Step 1: Pick a vendor. Three Essential Things You Need To Ask About.
If you’ve never done an audio news release (see also Spanish Language ANR), start by choosing a vendor with plenty of experience in both broadcast journalism and public relations, and one who will give you customized, personal service. Your radio vendor may offer services that range from pitching and feeding the ANR into radio station newsrooms, to guaranteed placement options that can include a branded message and a call to action.
Here are three essential areas you should ask a prospective vendor about: (To see our answers to these questions, click HERE)
- SERVICE. What does the cost of your ANR service include? Does it cover writing, revisions, recording, producing, distribution and reporting? What about studio costs and voice-over talent? Are there add-on fees, such as charges for last minute changes?
- PLACEMENT & REACH. What distribution platforms do you offer? Can I get guaranteed placement? Can I target specific geographic markets? Do you have outreach options for Spanish-language or urban-focused ANRs?
- REPORTING. How do you measure listenership? Where does your data come from and how recent is it? How do you track and report results? What kind of information is included in the ANR final report? How do I interpret and communicate these results to my client? Will someone explain these radio industry terms to me?
Step 2: Create your timeline for the ANR.
Your vendor should provide you with a specific production schedule outlining exactly what they’ll need from you by when so that your team stays on target every step of the way. Effective production schedules will build in time for:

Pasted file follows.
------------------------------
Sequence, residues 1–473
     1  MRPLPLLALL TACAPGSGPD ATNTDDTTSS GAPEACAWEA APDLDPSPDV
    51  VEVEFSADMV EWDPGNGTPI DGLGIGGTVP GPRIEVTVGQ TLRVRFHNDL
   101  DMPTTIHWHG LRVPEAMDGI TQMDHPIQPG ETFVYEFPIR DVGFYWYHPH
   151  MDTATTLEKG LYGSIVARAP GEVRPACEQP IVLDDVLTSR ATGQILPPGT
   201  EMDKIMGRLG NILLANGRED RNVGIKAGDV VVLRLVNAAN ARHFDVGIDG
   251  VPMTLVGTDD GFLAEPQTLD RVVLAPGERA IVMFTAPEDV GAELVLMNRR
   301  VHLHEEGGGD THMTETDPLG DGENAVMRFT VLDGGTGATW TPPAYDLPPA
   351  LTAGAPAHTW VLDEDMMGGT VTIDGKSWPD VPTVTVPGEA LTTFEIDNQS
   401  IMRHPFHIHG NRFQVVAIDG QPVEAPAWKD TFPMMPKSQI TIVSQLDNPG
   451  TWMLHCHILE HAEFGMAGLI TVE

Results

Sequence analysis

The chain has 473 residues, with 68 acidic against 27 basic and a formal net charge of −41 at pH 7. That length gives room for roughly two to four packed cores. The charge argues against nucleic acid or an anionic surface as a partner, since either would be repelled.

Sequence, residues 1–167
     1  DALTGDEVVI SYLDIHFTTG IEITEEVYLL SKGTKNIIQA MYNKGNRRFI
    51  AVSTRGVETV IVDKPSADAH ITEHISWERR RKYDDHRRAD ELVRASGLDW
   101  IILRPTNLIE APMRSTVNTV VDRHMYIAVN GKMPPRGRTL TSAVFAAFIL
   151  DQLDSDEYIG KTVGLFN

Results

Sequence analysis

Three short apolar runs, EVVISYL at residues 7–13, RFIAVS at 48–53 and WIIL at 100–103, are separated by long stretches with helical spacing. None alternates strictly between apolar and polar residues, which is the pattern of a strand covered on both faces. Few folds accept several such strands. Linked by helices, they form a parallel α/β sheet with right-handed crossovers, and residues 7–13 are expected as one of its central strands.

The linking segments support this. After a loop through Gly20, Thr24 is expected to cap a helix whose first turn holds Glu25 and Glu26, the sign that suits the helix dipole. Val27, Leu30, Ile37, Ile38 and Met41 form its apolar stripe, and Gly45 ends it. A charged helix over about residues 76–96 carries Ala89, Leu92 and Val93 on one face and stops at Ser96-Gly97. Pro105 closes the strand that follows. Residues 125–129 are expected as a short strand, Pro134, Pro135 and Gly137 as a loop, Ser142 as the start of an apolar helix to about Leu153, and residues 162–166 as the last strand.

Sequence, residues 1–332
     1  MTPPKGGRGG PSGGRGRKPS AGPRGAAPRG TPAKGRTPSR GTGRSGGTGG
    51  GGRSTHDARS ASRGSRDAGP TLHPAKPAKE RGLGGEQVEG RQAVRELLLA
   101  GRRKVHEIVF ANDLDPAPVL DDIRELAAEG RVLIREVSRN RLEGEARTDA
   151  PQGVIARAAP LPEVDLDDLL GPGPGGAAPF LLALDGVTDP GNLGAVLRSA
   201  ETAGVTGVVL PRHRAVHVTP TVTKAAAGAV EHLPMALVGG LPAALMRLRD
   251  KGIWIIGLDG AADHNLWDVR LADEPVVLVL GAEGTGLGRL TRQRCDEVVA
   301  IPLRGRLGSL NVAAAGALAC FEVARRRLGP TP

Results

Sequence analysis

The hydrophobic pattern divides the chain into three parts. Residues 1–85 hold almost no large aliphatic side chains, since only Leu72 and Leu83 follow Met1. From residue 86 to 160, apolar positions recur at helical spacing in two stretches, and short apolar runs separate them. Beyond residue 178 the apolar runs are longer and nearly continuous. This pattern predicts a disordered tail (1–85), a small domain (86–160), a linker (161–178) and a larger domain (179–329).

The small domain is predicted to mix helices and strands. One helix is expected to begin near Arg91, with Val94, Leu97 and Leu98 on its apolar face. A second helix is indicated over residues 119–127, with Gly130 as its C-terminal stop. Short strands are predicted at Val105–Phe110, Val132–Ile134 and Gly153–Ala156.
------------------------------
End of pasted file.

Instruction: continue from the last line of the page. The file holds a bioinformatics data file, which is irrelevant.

- Approval of the script, and;
- The final recording.
Working backwards from the designated broadcast/distribution week, the production schedule will indicate due dates for every part of the process, from initial conversations about the ANR messaging all the way through the day that you’ll receive a final report.
Production Schedule Example.
Step 3: Story, story, story. Oh, and story.
Treat your ANR message as a story that you are telling. Determine if your story fits into the category of hard news, issue awareness, or even public service, and write with one of those approaches in mind. Good stories are succinct and have three parts: a beginning, middle and end.
- Beginning: The opening narrative should grab the attention of listener. Get right to the point- what makes your story newsworthy, relatable and relevant?
- Middle: This is where you establish your authority and expertise – often with a soundbite from an expert. Enhance your story with facts, figures, examples.
- End: Finish with a strong conclusion that reiterates the essence of your message. If you’re using guaranteed placement include a call to action.
Step 4: Writing the script.
Work closely with your vendor to determine if they should write the piece for you or if you’re comfortable creating the first draft. The most common script length is :60 seconds, or about 180 words. If you do the writing, have your vendor do the timing and the suggested edits. Writing for audio is a specific skill – be sure to take advantage of your vendor’s expertise for your ANR.